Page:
Most people don’t realize that there are several different types of honey bees out there, which can make starting your hive a confusing process. You may have thought all honey bees were the same, but different species have specific traits and characteristics. Some species produce more honey, bigger hives, and some are more aggressive. Choose a species depending on your personal preferences. Most beekeepers in the US use Italian or Carniolan bees, and these are the species we carry at C-A-L Ranch. Each has its pros and cons.

Italian Honey Bees

Italian honey bee

An Italian hive will build its population early in the spring and maintain strong numbers throughout the summer, but their hive dwindle in the winter. This means that your bees will build a strong store of honey earlier in the season, maintain it through the summer, and require less food to keep them alive during the winter. Italians can be aggressive during the spring but tend to calm down later in the year; they’re known as one of the gentler bee species.

A drawback to the Italian honey bee family: they wander. These bees have poor orientation, meaning they will drift to other colonies to steal honey. This wandering, honey-stealing tendency can spread disase between hives.

Carniolan Honey Bees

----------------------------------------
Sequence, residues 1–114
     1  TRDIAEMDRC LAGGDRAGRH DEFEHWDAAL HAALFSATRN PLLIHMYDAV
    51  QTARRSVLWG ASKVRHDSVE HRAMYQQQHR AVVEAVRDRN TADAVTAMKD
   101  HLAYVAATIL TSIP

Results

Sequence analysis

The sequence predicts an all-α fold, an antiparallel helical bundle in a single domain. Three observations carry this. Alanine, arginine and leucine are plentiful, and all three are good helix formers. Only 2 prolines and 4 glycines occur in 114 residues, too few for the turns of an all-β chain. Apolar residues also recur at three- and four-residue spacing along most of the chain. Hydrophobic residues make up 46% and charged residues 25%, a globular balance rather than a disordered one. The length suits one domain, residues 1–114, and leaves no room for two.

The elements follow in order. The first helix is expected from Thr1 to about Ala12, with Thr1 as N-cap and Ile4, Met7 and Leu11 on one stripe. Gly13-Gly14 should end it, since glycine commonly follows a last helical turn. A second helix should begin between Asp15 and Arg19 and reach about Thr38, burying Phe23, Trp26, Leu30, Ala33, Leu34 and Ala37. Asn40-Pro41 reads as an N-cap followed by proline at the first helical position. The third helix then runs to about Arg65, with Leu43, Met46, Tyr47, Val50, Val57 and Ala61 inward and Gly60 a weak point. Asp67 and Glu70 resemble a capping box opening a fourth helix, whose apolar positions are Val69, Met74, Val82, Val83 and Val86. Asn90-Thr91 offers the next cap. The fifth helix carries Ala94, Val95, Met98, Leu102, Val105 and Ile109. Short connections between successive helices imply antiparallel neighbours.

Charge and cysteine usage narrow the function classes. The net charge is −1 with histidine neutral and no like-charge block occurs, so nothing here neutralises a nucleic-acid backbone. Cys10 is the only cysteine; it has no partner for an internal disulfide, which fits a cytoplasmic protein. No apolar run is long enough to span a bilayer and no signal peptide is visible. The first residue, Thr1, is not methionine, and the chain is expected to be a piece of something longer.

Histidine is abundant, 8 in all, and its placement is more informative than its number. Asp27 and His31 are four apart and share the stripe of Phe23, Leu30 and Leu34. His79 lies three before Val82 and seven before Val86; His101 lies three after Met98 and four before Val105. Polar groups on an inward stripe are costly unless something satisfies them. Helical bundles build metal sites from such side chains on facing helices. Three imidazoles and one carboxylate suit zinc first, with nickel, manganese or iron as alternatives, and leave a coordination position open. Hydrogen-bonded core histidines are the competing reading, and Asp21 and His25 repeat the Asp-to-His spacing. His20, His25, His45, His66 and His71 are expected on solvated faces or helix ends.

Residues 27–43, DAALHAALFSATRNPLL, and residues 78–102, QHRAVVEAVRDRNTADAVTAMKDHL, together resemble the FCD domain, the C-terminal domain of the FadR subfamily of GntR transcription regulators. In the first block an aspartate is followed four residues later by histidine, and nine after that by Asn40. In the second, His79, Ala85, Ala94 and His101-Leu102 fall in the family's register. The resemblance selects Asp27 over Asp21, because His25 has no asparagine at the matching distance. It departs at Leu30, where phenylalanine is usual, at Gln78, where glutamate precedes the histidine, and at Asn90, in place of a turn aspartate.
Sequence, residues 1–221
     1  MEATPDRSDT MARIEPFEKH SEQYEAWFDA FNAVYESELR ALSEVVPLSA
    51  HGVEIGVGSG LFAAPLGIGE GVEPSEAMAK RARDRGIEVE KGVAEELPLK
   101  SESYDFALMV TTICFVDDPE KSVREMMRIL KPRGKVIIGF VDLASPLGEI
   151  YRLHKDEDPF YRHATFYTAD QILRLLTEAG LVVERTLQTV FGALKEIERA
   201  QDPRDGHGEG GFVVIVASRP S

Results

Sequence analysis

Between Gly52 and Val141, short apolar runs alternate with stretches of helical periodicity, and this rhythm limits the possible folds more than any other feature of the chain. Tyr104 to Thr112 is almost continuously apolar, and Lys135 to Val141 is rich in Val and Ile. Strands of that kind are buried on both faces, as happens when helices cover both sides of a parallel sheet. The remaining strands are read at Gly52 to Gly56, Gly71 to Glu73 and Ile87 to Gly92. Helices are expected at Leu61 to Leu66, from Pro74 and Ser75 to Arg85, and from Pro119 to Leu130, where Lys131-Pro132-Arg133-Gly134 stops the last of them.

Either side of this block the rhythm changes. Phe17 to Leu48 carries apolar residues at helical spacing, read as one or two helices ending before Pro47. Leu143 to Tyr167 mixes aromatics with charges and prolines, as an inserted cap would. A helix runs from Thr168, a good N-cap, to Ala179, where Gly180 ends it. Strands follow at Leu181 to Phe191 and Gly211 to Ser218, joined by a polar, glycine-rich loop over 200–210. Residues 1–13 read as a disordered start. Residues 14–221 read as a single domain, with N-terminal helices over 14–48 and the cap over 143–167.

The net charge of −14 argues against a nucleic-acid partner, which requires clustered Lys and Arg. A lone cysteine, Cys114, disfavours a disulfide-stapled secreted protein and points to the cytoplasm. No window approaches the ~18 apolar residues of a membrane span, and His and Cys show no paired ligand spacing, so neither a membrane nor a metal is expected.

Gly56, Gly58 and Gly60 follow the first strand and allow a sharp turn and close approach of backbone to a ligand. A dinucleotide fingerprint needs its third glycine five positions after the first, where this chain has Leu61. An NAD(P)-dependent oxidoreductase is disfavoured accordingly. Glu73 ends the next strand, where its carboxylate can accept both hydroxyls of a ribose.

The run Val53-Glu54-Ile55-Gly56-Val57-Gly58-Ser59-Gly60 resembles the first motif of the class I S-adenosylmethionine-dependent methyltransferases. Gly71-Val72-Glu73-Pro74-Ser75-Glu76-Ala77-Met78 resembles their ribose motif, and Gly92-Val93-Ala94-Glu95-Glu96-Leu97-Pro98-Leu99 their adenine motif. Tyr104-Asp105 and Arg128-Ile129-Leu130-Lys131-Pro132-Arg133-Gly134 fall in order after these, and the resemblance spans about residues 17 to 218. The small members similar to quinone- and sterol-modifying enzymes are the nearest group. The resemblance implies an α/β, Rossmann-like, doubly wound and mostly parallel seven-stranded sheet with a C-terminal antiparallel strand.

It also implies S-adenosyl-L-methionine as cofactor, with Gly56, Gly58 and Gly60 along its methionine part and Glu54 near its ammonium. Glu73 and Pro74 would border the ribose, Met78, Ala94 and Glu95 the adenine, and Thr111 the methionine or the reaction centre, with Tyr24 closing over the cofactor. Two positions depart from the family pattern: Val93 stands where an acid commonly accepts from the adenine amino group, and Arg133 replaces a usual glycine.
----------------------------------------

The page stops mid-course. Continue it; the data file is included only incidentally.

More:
carniolan honey bee

Carniolans will increase their brood size early and rapidly in the spring (more than Italians) and carry a large population through the active season. This leaves them prone to swarming. While a large hive may seem overwhelming, these bees are actually gentler than Italians, meaning they require less smoke and protection. Carniolans don’t have the same tendency to wander as Italians, which means they are less likely to spread disease. They also have an above-average honey production.

On the downside, Carniolans enter winter with a large population, meaning you’ll need to provide them with more food throughout the cooler months.

 

For more information on the differences between Italian and Carniolan bees, check out these articles.

http://beesource.com/resources/usda/the-different-types-of-honey-bees/

http://www.harvestlanehoney.com/bee-breeds